The first precept of the natural law in man is that “man must seek what is good and avoid what is evil.” All the other precepts of the natural law are “applications thereof more or less immediate.” The first applications concern (1) “whatever is beneficial for or perfects his physical life”; (2) “whatever helps towards the conservation of the human species”; and (3) “whatever conduces to the welfare of his life as a rational being.”

“There follows from this that whatever is essential for the conservation of this threefold life, or that can help towards its perfection, is proclaimed a good thing by the practical reason of every man, in such a way, however, that among the three goods there is a certain subordination, so that by way of dignity the good of the reason comes first, then the good of the species, and then the good of the individual.” As regards the good of the individual, “this principle proclaims that man must eat for the sustenance of his body, and that he may never attempt his life.” As regards the good of the species, “this principle proclaims that there must be human beings who concern themselves with the conservation of the species by taking upon themselves the burden as well as the joys of fatherhood and motherhood; and that it is never lawful to do anything which tends to frustrate the object of fatherhood and motherhood.” As regards the good of reason, “this principle proclaims that man, who is the work of God from whom he has received his all, and who was made to live in the society of other men, should honour God as his Sovereign Lord and Master, and should act towards his fellow-beings according as the nature of his relations with them demands.”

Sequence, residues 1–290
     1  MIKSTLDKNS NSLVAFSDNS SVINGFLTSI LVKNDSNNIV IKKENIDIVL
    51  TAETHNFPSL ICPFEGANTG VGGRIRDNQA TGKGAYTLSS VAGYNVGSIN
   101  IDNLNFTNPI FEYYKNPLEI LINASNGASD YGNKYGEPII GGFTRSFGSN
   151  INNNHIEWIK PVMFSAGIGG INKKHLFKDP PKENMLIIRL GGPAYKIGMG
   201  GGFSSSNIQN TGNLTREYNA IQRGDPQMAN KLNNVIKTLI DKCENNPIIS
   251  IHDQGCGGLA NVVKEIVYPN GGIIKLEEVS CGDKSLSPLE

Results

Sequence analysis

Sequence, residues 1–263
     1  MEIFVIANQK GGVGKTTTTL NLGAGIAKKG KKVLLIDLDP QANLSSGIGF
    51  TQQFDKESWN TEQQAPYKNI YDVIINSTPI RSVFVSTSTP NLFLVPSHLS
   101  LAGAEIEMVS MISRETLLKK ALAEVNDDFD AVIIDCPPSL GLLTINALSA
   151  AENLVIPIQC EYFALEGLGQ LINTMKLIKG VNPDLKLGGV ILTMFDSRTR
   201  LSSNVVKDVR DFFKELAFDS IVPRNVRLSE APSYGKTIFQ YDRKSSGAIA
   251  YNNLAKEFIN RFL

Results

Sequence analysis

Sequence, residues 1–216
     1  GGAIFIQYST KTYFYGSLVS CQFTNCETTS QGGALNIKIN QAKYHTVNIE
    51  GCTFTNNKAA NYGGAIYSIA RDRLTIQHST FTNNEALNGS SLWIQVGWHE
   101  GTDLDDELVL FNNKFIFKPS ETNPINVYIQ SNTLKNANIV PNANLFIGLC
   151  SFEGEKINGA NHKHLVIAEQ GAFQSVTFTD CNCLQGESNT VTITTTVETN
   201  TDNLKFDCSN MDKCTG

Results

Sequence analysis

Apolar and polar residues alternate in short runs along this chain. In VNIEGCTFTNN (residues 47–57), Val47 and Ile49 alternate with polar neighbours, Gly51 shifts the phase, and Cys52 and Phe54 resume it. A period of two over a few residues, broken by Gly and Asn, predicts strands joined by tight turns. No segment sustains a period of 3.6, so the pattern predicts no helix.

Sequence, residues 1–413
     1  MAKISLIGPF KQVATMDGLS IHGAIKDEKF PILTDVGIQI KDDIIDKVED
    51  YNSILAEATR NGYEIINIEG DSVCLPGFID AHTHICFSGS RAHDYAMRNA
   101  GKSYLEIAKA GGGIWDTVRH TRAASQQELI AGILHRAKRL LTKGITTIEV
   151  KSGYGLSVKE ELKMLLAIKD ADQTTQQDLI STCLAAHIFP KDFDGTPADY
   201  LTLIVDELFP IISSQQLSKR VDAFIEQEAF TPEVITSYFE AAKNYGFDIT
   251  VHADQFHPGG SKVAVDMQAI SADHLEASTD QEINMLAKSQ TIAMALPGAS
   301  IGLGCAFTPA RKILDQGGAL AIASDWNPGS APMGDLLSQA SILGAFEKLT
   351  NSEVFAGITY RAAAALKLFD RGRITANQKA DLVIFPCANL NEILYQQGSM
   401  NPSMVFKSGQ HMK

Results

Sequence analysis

Quotations from Thomas Pegues, Catechism of the “Summa Theologica” of Saint Thomas Aquinas, trans. Aelred Whitacre (New York: Benziger, 1922).

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Four Types of Law

Father Thomas Pegues states that, in order to live a virtuous life by avoiding a life of sin, a person needs these exterior helps: “laws which direct him, and grace which helps him on his journey.” Here and in the following three posts, we read how Father Pegues summarizes St. Thomas Aquinas’ teaching on law, which is found in St. Thomas’ Treatise on Law (Summa Theologica I-II, 90-108). After that, we shall look at his teaching on grace in his Treatise On Grace (Summa Theologica I-II, 109-114).

First, Father Pegues gives St. Thomas’ definition of law: a law is “an order of reason, for the common good, made and promulgated by one in authority.” Notice that there are four parts to this: (1) a law is an order of reason; (2) it is made for the common good; (3) it is made by one who has authority to make such a law; and (4) it is promulgated, that is, made known to those obliged to obey it.